Coral reefs also have a direct impact on human life. Many people rely on coral reefs for a source of income. Local businesses such as diving tours and restaurants will be majorly affected by the loss of coral reefs. According to the Great Barrier Reef Foundation, coral reefs have a total economic value of 56 Billion dollars and annually contribute 6.4 Billion dollars to the economy. The loss of coral reefs not only affects the economy but will also affect lives living near the coral reefs. According to the National Ocean Service, “The coral reef structure buffers shorelines against waves, storms, and floods, helping to prevent loss of life, property damage, and erosion” further showing the importance of coral reefs and the positive impact coral reefs have on us.

Connection to the SDGs

The issue of coral bleaching in the GBR also directly connects to the SDGs number 13, Climate Action and number 14, Life Below Water. Climate action is a big contributor to this issue. If we can resolve the goal of Climate Action, the issue of coral bleaching in the GBR can come closer to being solved. With number 14, Life Below Water, the most affected and directly impacted are life below water. Recognising that issues like these are connected to the SDGs is an important thing to remember. Especially at UWC where we are focused on contributing to resolving the SDGs, it is important to be aware of these connections.

SDGs number 13 and 14 (Sources Sustainable Development Goals Knowledge Platform)

Course of action

As individuals, the most important first step for us to take is to understand the issue and think about why it may be important for us to acknowledge the issue and make personal goals to contribute to the solution of the problem. Another simple step we can all take is to raise awareness of the issue. When larger numbers of people understand the issue, more people are likely to act on it, helping people gain an understanding of the issue better. Other steps that can be more hands-on can be to change personal habits that could be contributing to climate change. Though many factors contribute to climate change, what is most important is to take the first small step. Some examples can be trying to use methods of transportation that will have a lower carbon footprint. Another example would be to cut down on meat for one day of the week. According to the organisation Meatless Monday, eliminating meat for one day of the week “could reduce emissions by an estimated 1.0 Gigaton (Gt)ii to 1.3 Gt iii,iv per year” Though this can be seen as a small change in our habits, this can have a huge overall impact on the environment.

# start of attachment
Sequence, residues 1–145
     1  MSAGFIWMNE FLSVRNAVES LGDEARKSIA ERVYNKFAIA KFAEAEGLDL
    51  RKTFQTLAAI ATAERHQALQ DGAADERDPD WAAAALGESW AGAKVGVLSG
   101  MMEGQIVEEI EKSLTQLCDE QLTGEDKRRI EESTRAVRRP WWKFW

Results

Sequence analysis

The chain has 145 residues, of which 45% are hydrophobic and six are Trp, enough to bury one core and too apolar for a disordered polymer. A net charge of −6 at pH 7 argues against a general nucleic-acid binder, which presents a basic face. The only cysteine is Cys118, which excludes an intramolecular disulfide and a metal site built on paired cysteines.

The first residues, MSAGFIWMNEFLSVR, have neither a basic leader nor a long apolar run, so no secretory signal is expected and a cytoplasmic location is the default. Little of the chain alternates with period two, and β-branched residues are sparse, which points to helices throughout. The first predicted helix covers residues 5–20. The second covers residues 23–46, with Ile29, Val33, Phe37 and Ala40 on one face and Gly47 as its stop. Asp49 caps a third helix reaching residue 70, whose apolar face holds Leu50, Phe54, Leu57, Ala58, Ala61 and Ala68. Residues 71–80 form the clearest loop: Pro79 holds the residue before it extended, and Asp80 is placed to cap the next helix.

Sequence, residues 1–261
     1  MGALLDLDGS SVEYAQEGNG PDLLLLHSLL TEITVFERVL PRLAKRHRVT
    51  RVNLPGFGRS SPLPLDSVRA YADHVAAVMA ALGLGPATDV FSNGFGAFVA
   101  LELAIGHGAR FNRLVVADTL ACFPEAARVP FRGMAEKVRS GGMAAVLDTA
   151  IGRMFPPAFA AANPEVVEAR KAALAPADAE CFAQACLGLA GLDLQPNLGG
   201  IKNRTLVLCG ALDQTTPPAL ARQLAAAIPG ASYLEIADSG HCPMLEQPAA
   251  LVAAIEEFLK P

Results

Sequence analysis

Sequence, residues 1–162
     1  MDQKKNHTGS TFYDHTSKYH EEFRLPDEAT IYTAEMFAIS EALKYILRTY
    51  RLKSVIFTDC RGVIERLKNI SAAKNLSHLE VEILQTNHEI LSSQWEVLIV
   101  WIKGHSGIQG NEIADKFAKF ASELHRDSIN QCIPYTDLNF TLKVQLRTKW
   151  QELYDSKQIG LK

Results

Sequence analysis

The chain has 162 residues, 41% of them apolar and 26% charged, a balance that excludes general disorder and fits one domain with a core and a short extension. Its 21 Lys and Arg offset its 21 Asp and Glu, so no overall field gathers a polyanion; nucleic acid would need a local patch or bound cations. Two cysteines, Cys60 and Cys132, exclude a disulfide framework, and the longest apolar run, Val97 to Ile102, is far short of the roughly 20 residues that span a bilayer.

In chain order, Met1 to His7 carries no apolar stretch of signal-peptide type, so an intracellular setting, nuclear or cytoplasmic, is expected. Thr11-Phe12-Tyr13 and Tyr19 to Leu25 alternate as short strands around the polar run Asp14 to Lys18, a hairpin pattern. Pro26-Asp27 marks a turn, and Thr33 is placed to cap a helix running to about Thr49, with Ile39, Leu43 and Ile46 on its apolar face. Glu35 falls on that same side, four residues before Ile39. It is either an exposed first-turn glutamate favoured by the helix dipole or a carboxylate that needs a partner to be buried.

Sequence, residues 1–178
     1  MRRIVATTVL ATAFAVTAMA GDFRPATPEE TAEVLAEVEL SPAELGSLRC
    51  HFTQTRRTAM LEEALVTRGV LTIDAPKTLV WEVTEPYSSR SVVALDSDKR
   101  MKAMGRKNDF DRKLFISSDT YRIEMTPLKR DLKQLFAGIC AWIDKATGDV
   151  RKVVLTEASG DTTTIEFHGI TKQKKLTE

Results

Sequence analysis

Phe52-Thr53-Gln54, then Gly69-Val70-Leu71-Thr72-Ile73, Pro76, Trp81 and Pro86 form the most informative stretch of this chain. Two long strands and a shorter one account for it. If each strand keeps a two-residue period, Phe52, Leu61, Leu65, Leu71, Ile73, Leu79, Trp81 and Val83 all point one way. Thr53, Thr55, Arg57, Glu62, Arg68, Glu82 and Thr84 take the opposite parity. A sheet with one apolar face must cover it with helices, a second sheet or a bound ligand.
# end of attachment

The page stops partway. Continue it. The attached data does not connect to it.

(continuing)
Personal opinions

I think that contributing to the solution of climate change is something that everyone can work towards and something that we should be doing. Many people tend to not act on trying to find a solution for climate change as they think that it won’t affect them or have a significant impact anyways. Climate change is something that affects everyone on a global level and has long-lasting effects if we do not act towards solving this issue. With the GBR, if we do not change our actions, corals will continue to get damaged and many more animals will lose their habitats or become extinct if we do not act towards the problems that we currently face. Climate change is something that we have all collectively caused. If we can put the world in such a horrible state, shouldn’t we have the ability to put the world back to when it was less damaged?

Works cited

Daisy Dunne, Great Barrier Reef at ‘unprecedented’ risk of collapse after major bleaching event, Carbon Brief, 18 April 2018



Great Barrier Reef Foundation, CLIMATE CHANGE, Great Barrier Reef Foundation



Great Barrier Reef Foundation, THE VALUE, Great Barrier Reef Foundation



Great Barrier Reef Marine Park Authority, Sea temperature, Great Barrier Reef Marine Park Authority



International Union for Conservation of Nature, Coral reefs and climate change, International Union for Conservation of Nature



Lorin Hancock, Everything You Need to Know about Coral Bleaching—And How We Can Stop It, WWF



Meatless Monday Global, The Meatless Monday Global Tool Kit, Meatless Monday Global, September 2016



Mongabay.com, Australia to invest $379 million to preserve the Great Barrier Reef, Eco-Business, 4 May 2018



National Oceanic and Atmospheric Administration, How do coral reefs protect lives and property?, National Oceanic and Atmospheric Administration, 15 November 2019



NCCARF, Climate change and the Great Barrier Reef, NCCARF



United Nations, Helping governments and stakeholders make the SDGs a reality, Sustainable, Development Goals Knowledge Platform,



Vardhan Patankar, File:Bleached coral, Acoropora sp.jpg, Wikipedia, 12 May 2016